The lack of new dollars means the state of Washington will see little change in its transportation project schedule.
Work currently under way will continue, and maintenance also will be carried out, but a hold has been placed on new construction until the state legislature can work out a new funding package. The one currently floating around the House and Senate involves a 10-cent increase in the state gas tax, a new car tab fee and $3 billion in bonds. However, support might not be enough to make it official.
“We are moving forward with a budget that will keep current promises, but the next budget will look much grimmer if we don’t take action,” Rep. Marko Liias told The Oregonian.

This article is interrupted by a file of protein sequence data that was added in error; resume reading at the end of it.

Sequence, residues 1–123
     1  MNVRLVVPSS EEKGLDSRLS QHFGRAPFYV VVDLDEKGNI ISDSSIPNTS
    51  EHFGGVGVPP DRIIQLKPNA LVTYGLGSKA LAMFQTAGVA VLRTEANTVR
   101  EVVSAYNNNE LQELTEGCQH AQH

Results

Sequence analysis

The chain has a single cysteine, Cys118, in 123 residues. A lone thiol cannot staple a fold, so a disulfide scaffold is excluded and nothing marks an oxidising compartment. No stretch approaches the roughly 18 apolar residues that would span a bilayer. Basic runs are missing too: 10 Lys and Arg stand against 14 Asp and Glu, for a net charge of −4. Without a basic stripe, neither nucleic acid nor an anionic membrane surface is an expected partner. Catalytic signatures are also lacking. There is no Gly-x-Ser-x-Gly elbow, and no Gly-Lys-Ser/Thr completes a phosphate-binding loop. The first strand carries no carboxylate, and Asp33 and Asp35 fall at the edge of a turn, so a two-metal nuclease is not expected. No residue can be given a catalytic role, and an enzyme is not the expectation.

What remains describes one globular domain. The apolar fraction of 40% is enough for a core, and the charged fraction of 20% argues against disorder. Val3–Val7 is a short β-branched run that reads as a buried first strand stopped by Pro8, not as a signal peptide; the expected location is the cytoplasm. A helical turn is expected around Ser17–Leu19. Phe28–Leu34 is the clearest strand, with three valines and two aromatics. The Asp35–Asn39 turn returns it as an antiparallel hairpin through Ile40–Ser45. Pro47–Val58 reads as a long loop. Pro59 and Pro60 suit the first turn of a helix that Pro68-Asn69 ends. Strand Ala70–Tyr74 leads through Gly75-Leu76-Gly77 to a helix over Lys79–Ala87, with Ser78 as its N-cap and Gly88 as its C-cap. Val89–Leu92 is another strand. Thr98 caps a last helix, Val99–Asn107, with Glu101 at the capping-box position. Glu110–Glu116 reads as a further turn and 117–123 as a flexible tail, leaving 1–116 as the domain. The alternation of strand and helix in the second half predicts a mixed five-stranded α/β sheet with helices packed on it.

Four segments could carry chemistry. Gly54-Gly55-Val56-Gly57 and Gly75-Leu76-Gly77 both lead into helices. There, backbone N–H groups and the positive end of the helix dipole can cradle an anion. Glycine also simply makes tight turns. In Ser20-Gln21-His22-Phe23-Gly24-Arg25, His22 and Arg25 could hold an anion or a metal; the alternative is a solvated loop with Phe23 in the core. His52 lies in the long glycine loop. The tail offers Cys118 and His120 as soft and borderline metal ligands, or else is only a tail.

On April 4, the state House of Representatives followed the Senate’s $8.7 billion transportation spending proposal with one that calls for $8.4 billion.
The fate of new projects, like the Columbia River Crossing, still hangs in the balance. Washington is responsible for $450 million of the total cost of $3.4 billion for the span. The House budget did allocate $49.7 million for the CRC, but most of that money comes from leftover federal funds.